Wrestling has helped Styles gain more confidence, and she wants now more than ever to “make it” as a professional wrestler. “My main goal from here and now is to keep working as much as I possibly can, get better at what I do and eventually be signed to WWE one day.”
The WWE is evidently still the subject of amateur wrestlers’ hopes and dreams, and, to its credit, has been improving its female wrestling scene over the past few years. As the largest professional wrestling promotion in the world, it is important that their women’s division sets the bar as high as can be.
My main goal [is to] eventually be signed to WWE one day
Its female superstars have moved away from the term “Divas” to become “Women”, and the newly renamed Women’s Championship belt is no longer garish pink. Matches for the Women’s Championship have moved up the running order at pay per view events, and in recent years, the company’s female wrestlers entered into their first cage matches — on Sunday is the inaugural Women’s Royal Rumble.
However, there is still a long way to go, as male intervention from the likes of Ric Flair (and others) appears in countless women’s matches and often directly affects results.
It is also worth noting that, although making strides towards equality on-screen, behind the scenes the WWE has a massive disparity in what its superstars are paid.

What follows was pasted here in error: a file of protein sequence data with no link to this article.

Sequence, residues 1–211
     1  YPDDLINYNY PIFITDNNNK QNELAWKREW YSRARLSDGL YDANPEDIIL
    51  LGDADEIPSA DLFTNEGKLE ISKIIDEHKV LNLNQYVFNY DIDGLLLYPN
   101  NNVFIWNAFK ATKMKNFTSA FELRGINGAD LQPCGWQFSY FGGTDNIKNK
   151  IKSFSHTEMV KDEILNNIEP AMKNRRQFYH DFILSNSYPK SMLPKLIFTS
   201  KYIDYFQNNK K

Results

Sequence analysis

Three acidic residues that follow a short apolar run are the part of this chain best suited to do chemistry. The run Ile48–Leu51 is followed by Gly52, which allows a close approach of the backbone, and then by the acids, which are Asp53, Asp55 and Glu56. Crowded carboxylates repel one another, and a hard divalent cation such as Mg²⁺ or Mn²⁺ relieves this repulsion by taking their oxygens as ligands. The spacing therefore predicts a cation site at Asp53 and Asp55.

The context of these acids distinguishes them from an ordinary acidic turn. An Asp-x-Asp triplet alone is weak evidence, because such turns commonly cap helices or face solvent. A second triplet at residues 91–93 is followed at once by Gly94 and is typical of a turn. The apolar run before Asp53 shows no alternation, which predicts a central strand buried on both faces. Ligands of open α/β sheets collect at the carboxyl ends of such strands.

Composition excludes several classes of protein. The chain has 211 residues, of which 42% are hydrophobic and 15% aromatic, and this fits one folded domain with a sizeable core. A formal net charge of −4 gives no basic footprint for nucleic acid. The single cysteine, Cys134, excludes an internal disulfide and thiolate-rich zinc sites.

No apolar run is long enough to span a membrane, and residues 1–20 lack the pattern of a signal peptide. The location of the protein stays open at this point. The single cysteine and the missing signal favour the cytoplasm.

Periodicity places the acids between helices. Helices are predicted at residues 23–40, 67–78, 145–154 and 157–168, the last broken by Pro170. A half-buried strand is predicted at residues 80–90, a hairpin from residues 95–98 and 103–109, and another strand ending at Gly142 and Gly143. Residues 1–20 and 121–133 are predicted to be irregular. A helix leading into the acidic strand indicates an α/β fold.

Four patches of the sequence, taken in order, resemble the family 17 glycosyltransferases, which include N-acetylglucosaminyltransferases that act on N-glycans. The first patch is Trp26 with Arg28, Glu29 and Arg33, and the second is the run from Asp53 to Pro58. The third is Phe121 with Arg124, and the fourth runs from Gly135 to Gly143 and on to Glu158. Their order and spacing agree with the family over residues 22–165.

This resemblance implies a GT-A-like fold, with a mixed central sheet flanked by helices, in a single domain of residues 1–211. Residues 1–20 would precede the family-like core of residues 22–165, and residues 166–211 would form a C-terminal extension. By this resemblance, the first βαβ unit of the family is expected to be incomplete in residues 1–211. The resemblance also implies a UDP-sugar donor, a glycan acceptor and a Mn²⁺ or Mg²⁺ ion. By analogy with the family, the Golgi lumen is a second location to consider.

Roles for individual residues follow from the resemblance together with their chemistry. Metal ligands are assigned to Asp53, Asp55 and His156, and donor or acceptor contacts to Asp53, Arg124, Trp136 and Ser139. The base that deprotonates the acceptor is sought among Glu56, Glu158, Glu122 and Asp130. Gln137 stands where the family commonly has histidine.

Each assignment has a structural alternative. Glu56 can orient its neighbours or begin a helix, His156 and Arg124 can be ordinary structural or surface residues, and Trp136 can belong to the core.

The highest female earner in the company (other than Stephanie, the daughter of WWE’s owner Vince McMahon) earned just $400,000 in 2016. This seems like a lot of money to us normals, but when Nikki Bella is one of the top female stars in the company and doesn’t break into the top 20 earners, it shows a large discrepancy.
For comparison, her annual income must seem like loose change to $6m man Brock Lesnar, the company’s highest earner that year. And let’s be honest, who would win in a fight between Brock Lesnar and 15 Nikki Bellas? There is only one winner. Or, should I say, 15 winners. In fact, Lesnar’s salary could pay the salaries for the entire women’s roster and have a couple of million dollars’ worth of change.
Personally, I will never believe that the WWE has any semblance of equality or fairness until Chyna has been inducted into the Hall of Fame, as she was a stereotype-breaking, immensely successful wrestler left out purely due to a post-wrestling (and equally successful) career in adult films.
On the biggest stage, women’s wrestling is moving forwards, slowly but surely, but what is most important is the confidence and drive that wrestling is giving female wrestlers in Britain. They have the strength of body and mind to push boundaries, to get themselves noticed, and to wrestle absolutely anybody who steps into the ring with them.
It is the up-and-coming female wrestlers themselves, like Radley, Roux, and Styles, who are demanding more respect from wrestling companies and fans in England and around the globe, due to their tenacious performances, hard work, and perseverance in the face of a challenging sport that has traditionally favoured its male stars. If these fierce and talented women continue to push boundaries as they are currently doing, the future of female wrestling looks bright.
Ben Sledge 26th January 2018